"If facts actually exist which affect a sufficiently important interest as stated in Clause (a), and if the publication is made to a proper recipient, as stated in Clause (b), the occasion is privileged. If the interest is not in fact affected, or if the recipient of the publication is not in fact a proper person to receive the information, the occasion is nevertheless privileged if the publisher reasonably believes that such is the case. The publisher's lack of belief in the truth of the defamatory matter published, or his lack of reasonable grounds for so believing, while immaterial to the existence of the privileged occasion, is important as constituting an abuse of the occasion which deprives him of the protection which it would otherwise afford."
Likewise pertinent is the following from comment "c" to Sec. 594:
"* * * An interest may be protected by law either directly or indirectly * * * Thus, the interest may be of such social importance that the criminal law imposes a penalty upon one who invades it. Again, it may be directly protected by an action for damages against the invader. If the interest is of sufficient importance to receive such direct legal protection, it is indirectly protected by the privilege arising from the occasion described in this Section * * *"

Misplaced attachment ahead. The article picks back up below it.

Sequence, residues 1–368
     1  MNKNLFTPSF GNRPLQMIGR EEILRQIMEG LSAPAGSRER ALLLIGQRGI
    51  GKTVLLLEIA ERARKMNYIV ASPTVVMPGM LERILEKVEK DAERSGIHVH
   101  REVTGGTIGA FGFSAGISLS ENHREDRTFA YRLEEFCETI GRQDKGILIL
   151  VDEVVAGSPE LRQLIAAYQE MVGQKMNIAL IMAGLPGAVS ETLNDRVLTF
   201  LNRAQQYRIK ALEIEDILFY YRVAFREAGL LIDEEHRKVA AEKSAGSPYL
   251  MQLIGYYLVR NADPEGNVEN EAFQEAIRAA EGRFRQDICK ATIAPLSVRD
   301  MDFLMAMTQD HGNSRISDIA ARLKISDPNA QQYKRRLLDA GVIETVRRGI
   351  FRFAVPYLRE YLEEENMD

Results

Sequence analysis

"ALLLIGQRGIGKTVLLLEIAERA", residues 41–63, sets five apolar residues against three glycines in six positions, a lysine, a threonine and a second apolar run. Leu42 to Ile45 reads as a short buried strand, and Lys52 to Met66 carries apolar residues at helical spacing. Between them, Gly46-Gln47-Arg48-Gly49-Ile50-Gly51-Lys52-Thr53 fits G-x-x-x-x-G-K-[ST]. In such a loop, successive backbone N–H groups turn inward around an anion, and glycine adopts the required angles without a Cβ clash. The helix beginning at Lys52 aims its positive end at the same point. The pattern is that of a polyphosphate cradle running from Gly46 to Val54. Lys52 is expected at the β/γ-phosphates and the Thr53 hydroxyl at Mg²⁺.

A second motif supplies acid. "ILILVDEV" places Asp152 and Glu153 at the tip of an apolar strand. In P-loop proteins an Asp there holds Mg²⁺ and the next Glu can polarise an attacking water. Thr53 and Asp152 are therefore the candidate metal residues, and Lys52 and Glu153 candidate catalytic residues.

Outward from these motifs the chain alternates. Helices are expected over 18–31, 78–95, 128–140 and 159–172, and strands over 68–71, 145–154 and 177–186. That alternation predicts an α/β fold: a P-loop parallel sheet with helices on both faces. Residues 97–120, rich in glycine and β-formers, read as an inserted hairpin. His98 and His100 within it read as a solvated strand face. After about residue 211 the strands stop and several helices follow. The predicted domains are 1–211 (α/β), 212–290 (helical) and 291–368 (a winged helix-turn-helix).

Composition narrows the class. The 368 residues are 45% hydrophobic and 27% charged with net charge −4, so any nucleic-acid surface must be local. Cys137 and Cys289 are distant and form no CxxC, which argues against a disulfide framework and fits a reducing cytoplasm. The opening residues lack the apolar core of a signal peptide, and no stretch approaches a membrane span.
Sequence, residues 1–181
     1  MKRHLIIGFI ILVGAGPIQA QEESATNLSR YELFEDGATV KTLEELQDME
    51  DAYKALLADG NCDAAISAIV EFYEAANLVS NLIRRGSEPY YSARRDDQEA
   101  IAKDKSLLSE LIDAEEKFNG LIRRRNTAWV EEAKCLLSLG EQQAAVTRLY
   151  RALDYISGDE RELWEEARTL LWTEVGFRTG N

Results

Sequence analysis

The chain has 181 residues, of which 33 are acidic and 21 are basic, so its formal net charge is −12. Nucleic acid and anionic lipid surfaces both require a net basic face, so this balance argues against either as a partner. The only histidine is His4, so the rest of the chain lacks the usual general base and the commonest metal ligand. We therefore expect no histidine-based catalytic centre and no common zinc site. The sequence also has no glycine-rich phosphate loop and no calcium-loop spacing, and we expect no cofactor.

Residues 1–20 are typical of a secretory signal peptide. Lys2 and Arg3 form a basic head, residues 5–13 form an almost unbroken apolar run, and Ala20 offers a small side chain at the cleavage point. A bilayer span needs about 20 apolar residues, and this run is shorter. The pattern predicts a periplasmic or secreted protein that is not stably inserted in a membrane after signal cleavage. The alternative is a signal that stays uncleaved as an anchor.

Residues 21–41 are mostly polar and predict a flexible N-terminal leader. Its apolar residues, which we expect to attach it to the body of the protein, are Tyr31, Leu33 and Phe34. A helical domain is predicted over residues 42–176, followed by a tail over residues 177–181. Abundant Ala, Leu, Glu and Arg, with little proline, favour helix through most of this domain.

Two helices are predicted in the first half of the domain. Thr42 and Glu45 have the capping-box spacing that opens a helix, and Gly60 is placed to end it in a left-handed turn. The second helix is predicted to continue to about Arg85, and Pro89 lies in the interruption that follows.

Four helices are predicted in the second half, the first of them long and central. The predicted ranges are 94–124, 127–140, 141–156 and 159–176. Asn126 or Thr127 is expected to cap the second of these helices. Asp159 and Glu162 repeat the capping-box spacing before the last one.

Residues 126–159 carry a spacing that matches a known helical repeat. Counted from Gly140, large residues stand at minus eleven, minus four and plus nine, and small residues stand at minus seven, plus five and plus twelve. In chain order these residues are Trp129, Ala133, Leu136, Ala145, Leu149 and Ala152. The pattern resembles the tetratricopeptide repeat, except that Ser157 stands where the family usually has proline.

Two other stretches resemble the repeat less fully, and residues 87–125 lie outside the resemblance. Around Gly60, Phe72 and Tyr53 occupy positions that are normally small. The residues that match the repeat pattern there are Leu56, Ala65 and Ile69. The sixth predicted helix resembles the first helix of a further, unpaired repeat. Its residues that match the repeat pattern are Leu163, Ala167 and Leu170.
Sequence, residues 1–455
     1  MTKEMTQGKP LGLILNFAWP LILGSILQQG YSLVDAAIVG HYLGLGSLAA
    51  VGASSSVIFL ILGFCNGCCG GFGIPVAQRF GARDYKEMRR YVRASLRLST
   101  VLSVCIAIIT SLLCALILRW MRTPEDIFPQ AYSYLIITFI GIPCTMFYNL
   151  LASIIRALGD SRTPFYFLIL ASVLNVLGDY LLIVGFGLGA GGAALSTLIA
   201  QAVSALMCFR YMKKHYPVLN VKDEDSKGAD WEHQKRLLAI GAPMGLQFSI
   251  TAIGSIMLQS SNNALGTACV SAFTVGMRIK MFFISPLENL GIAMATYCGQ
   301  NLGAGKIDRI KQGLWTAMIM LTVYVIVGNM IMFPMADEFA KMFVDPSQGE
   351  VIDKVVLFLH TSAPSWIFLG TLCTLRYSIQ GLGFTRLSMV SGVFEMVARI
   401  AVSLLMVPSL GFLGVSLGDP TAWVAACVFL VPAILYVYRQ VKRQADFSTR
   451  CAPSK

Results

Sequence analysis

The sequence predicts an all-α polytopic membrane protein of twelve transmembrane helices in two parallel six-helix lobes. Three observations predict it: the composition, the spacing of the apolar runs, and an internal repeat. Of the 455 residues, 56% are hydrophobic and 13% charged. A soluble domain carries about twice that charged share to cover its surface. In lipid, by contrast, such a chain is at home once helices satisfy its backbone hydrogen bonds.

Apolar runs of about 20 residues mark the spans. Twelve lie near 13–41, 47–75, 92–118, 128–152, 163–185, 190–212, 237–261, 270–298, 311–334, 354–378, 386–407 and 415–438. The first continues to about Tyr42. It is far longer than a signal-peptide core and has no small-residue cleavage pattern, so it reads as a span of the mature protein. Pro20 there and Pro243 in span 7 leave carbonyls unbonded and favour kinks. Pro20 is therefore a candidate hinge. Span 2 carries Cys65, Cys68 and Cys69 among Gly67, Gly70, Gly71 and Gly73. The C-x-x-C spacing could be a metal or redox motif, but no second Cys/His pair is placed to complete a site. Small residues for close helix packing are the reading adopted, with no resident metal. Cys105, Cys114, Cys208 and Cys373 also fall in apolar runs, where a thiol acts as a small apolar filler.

Unquestionably defendants had such an interest in the subject matter as to bring them clearly within the last quoted comment. The evidence is undisputed that defendant bank had been defrauded by means of a forged endorsement, in the face 5, 6 amount of Hales check. The perpetrator of the act which defrauded the bank was subject to penalty under the penal code of this state as well as liable in an action for damages.